Airlines earn income from co-branded cards by selling rewards miles or points to the issuing bank, which then awards those points to cardholders for making purchases or as sign-up incentives. It’s a winning scenario for the banks, which use the co-branding to entice customers and fund the points purchases with transaction fees paid by merchants. 

It’s also a winning scenario for airlines. In a letter to members of Congress last July, Airlines for America (A4A) members Southwest, Delta, United, American, JetBlue and Alaska argued that the bill would jeopardize payment security by rewarding credit card networks that invest less in fraud protection. Because the bill would reduce the transaction fees banks use to fund points purchases, it could also change the underlying calculations made by participating banks.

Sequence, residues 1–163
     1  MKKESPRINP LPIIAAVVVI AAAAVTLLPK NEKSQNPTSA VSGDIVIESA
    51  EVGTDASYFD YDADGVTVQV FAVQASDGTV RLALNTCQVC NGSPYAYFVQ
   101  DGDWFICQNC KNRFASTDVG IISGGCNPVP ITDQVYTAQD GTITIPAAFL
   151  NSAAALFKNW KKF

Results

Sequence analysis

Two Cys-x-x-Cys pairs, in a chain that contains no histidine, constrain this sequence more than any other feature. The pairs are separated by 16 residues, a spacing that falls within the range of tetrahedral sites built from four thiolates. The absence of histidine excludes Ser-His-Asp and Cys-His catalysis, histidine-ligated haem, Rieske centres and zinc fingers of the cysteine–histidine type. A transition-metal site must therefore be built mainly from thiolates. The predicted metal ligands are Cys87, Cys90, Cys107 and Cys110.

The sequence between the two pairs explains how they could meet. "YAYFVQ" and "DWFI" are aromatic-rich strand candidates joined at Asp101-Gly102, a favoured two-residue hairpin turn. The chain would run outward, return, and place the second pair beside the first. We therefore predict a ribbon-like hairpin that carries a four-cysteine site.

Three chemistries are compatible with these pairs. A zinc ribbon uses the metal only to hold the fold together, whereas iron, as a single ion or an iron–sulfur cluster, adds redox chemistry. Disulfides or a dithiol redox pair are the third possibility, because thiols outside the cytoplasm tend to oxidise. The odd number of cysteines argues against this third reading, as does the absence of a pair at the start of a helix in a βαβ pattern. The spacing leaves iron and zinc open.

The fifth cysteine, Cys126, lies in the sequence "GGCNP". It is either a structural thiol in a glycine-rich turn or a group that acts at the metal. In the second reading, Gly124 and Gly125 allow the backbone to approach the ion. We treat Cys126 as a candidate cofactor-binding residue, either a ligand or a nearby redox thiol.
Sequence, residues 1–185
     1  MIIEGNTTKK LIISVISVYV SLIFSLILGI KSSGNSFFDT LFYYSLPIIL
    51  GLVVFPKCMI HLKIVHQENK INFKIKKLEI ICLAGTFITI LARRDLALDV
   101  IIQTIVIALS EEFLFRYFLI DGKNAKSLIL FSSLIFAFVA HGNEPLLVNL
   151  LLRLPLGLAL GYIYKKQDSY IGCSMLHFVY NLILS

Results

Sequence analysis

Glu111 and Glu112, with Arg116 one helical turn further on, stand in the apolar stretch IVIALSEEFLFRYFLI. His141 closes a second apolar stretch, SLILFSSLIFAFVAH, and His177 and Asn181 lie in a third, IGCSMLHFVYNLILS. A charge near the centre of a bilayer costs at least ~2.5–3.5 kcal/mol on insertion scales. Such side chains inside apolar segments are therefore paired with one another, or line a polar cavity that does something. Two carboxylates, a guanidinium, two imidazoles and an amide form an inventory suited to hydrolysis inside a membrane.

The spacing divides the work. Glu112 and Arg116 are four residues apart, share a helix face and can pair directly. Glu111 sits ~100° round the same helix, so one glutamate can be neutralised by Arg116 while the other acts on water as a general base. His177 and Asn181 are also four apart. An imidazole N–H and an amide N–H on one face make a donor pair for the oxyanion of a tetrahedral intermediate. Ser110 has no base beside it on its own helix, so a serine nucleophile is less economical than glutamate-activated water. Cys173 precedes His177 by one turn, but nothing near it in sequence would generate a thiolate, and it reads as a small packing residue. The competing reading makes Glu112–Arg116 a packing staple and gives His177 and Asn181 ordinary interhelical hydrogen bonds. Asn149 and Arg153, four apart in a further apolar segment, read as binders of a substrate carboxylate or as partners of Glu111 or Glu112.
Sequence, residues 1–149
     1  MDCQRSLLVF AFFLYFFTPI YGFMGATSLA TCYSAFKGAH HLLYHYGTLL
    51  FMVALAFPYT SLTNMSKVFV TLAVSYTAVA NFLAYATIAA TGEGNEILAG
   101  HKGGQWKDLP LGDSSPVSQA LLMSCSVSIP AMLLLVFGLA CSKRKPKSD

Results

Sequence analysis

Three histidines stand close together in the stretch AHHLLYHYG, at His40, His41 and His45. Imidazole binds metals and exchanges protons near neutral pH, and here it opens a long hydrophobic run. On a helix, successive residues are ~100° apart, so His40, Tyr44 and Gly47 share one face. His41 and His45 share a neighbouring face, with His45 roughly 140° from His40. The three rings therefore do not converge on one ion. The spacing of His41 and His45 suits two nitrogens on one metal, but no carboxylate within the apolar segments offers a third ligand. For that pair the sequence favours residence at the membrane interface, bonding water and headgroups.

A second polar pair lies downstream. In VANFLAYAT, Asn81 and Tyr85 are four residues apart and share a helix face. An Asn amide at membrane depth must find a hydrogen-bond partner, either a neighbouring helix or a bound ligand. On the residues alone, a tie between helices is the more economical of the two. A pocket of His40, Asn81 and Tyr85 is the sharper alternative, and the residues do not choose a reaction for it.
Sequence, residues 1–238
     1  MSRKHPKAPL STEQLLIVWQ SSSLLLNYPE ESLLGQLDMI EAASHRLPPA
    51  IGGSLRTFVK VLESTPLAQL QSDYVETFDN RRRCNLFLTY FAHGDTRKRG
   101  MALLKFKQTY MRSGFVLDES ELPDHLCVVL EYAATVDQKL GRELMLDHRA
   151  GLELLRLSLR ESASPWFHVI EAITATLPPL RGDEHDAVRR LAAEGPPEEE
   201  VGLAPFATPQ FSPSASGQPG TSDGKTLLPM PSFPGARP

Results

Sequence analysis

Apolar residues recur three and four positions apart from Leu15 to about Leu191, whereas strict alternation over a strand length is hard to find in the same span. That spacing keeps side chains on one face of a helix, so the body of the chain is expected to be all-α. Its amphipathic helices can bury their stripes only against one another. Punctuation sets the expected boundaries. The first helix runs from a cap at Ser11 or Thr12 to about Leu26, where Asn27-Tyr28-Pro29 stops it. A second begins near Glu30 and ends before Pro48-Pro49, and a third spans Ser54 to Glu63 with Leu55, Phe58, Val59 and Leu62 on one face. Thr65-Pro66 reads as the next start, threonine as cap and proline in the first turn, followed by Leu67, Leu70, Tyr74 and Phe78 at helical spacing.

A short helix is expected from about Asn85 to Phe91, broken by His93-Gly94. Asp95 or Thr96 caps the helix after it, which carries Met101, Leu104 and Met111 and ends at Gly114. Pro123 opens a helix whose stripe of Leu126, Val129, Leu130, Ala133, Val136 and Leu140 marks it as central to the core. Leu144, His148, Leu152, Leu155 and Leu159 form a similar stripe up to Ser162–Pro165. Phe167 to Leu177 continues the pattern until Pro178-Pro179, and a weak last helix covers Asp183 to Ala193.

“The legislation would also unnecessarily increase the cost associated with participating in these programs, harming our ability to reward our most enthusiastic customers’ loyalty and putting the viability of these programs at risk,” A4A wrote.

The trade group estimates there are nearly 30 million U.S. airline industry credit card holders, nearly one out of every four U.S. households. A4A also estimates that rewards earned from airline credit cards paid for 15 million domestic visitor trips in 2022.

“Loyalty is good for business. Period. full stop,” Kelly said at the event in Washington. “The airlines are hugely profitable and growing and healthy and survived Covid because of their loyalty programs directly related to their co-branded cards.”

Kelly said that if airlines lose the “massive piece of revenue” from those co-branded cards, they are likely to add extra fees or raise fares to make up for it.